• To get started, login to the head node pool.cac.cornell.edu via ssh.
  • You will be prompted for your CAC account password
  • If you are unfamiliar with Linux and ssh, we suggest reading the Linux Tutorial and looking into how to Connect to Linux before proceeding.
  • NOTE: Users should not run codes on the head node. Users who do so will be notified and have privileges revoked.

Hardware and Networking

  • The head node has 1.8TB local /scratch disk.
  • Head node and 3 file servers have 10Gb connections.
  • All compute nodes currently have a 1GB connections.
  • Pool Hardware technical information.

Partitions

"Partition" is the term used by slurm for designated groups of compute nodes

  • hyperthreading is turned on in all nodes EXCEPT astra
    • where hyperthreading is turned on Slurm considers each core to consist of 2 logical CPUs
    • for astra nodes Slurm considers each core to consist of 1 logical CPU
  • all partitions have a default time of 1 hour and are set to OverSubscribe (per core scheduling vs per node)

Partitions on the pool cluster:

Queue/Partition Number of nodes Node Names Limits Group Access
common (default) 18 c00[17,19,20,22,29-38,50-53] walltime limit: 168 hours (i.e. 7 days) All Groups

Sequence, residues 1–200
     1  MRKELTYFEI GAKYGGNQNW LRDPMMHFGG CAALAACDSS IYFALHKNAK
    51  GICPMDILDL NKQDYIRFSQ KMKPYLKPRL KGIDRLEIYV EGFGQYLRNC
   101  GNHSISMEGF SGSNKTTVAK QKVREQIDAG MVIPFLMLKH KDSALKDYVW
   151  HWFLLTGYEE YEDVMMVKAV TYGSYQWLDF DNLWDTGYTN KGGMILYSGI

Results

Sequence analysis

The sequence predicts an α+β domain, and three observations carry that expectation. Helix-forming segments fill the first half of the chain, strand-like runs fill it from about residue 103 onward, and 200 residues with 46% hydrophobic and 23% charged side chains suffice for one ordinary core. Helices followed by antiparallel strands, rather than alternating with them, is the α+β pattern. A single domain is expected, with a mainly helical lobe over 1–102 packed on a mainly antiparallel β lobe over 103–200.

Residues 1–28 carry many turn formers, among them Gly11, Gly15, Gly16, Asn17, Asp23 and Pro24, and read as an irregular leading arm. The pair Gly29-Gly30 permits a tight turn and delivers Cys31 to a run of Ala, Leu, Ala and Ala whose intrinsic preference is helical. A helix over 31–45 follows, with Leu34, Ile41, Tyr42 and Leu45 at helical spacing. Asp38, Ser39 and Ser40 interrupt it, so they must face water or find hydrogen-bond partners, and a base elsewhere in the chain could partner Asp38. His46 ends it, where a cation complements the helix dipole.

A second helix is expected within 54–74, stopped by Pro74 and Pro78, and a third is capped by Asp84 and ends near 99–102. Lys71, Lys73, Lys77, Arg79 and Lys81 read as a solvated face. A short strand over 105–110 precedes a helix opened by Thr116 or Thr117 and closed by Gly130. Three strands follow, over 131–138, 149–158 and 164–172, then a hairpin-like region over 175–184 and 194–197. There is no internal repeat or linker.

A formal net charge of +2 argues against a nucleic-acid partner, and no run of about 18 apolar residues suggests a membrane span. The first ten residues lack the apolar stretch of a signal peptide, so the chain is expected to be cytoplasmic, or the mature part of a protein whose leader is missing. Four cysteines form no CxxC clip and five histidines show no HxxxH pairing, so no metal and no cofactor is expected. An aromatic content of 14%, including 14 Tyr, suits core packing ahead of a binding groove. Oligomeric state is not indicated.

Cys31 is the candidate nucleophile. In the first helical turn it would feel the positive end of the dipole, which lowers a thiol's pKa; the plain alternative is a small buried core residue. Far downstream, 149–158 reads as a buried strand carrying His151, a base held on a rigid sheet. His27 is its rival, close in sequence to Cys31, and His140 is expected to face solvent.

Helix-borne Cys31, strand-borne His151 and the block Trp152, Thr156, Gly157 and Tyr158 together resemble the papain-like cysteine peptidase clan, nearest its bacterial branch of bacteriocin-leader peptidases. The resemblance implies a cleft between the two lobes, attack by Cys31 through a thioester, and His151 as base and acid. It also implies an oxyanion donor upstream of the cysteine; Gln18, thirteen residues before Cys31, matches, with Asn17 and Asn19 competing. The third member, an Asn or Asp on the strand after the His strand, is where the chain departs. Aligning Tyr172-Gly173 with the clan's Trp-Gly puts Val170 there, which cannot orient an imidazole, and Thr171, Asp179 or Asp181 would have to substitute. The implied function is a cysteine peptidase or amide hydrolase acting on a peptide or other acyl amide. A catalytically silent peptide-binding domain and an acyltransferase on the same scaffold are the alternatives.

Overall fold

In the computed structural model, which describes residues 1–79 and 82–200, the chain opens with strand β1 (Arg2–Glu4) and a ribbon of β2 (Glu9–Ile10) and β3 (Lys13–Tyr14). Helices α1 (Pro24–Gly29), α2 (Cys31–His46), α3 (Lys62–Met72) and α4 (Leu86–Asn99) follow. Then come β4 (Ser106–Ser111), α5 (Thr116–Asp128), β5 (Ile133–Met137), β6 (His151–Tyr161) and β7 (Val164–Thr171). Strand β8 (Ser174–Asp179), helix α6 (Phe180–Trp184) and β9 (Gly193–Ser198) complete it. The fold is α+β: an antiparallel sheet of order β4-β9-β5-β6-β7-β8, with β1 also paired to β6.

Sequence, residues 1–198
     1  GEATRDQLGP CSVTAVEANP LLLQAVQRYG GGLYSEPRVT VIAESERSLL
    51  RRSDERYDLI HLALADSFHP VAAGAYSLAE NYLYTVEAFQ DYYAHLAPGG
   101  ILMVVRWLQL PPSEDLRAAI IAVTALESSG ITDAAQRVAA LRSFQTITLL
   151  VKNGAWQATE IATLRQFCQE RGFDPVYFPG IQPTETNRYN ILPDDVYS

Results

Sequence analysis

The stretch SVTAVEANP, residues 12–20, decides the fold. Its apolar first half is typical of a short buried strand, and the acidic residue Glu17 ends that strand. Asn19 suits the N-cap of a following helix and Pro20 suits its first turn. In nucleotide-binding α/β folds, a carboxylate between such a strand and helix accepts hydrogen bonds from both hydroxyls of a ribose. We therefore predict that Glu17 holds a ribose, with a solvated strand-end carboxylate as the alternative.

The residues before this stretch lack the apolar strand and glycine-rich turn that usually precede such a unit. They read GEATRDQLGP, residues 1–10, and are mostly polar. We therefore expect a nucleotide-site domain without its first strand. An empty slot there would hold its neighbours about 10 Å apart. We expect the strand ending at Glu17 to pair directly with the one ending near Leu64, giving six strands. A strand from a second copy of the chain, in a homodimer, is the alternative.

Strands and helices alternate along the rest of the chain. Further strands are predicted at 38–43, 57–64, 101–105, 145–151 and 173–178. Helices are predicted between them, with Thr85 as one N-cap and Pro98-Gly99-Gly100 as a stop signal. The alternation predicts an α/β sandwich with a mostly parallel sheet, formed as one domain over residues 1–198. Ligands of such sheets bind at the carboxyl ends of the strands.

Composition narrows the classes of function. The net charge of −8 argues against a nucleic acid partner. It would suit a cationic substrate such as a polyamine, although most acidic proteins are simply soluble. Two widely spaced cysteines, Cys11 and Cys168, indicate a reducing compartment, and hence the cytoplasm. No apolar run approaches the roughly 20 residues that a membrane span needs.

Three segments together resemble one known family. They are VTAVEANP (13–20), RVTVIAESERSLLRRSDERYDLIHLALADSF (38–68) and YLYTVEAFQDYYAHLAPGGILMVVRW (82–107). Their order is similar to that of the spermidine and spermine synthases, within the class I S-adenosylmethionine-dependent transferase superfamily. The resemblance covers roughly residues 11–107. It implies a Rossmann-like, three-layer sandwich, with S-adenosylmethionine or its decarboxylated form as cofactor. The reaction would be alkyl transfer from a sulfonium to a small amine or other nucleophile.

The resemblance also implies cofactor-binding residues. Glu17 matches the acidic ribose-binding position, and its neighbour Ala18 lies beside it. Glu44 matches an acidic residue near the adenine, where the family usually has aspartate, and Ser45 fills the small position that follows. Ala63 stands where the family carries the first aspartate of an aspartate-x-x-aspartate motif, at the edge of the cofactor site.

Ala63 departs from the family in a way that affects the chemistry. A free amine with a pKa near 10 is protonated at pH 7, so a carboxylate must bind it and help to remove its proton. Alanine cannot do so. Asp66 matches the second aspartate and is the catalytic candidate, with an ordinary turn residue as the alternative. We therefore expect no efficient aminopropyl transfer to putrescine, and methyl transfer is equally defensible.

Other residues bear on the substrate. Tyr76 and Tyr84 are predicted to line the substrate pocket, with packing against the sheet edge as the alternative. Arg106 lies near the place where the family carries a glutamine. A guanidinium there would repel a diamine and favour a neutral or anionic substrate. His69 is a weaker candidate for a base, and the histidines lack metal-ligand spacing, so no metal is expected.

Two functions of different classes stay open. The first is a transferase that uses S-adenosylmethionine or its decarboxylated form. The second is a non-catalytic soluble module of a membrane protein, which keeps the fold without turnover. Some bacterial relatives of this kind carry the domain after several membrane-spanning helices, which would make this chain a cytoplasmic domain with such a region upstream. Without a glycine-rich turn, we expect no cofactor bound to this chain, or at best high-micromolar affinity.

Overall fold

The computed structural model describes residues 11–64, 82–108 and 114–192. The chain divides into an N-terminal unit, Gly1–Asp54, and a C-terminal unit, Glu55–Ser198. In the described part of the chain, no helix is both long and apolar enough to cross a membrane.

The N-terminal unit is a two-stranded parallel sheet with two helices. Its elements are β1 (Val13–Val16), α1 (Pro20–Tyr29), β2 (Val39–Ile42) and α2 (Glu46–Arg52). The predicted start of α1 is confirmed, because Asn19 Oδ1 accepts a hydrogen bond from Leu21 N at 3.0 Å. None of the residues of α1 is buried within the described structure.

plato 1 c0009 walltime limit: 168 hours (i.e. 7 days) limited access per fe13
fe13 23 c00[01-08,18,21,23,24,40-49,54] walltime limit: 168 hours (i.e. 7 days) fe13_0001
dlk15 7 c00[10-14,25,39] walltime limit: 168 hours (i.e. 31 days) dlk15_0001
ylj2 5 c00[15-16,26-28] walltime limit: 168 hours (i.e. 7 days) ylj2_0001
vega 7 c00[56-62] walltime limit: 168 hours (i.e. 7 days) rad332_0001
astra 39 c0[055,063-100] walltime limit: 720 hours (i.e. 30 days) na346_0001

Running Jobs / Slurm Scheduler

CAC's Slurm page explains what Slurm is and how to use it to run your jobs. Please take the time to read this page, giving special attention to the parts that pertain to the types of jobs you want to run.

  • NOTE: Users should not run codes on the head node. Users who do so will be notified and have privileges revoked.
A few slurm commands to initially get familiar with:

sinfo -l
scontrol show nodes
scontrol show partition

Submit a job: sbatch testjob.sh
Interactive Job: srun -p common --pty /bin/bash

scontrol show job [job id]
scancel [job id]

squeue -u userid

Slurm Examples & Tips

NOTE: All lines begining with "#SBATCH" are a directive for the scheduler to read. If you want the line ignored (i.e. a comment), you must place 2 "##" at the beginning of your line.

Example batch job to run in the partition: common

Example sbatch script to run a job with one task (default) in the 'common' partition (i.e. queue):

#!/bin/bash
## -J sets the name of job
#SBATCH -J TestJob

## -p sets the partition (queue)
#SBATCH -p common

## 10 min
#SBATCH --time=00:10:00

## sets the tasks per core (default=2 for hyperthreading: cores are oversubscribed)
## set to 1 if one task by itself is enough to keep a core busy
#SBATCH --ntasks-per-core=1 

## request 4GB per CPU (may limit # of tasks, depending on total memory)
#SBATCH --mem-per-cpu=4GB

## define job stdout file
#SBATCH -o testcommon-%j.out

## define job stderr file
#SBATCH -e testcomon%j.err

echo "starting at `date` on `hostname`"

# Print the Slurm job ID
echo "SLURM_JOB_ID=$SLURM_JOB_ID"

echo "hello world `hostname`"

echo "ended at `date` on `hostname`"
exit 0

Submit/Run your job:

sbatch example.sh

View your job:

scontrol show job <job_id>

Example MPI batch job to run in the partition: common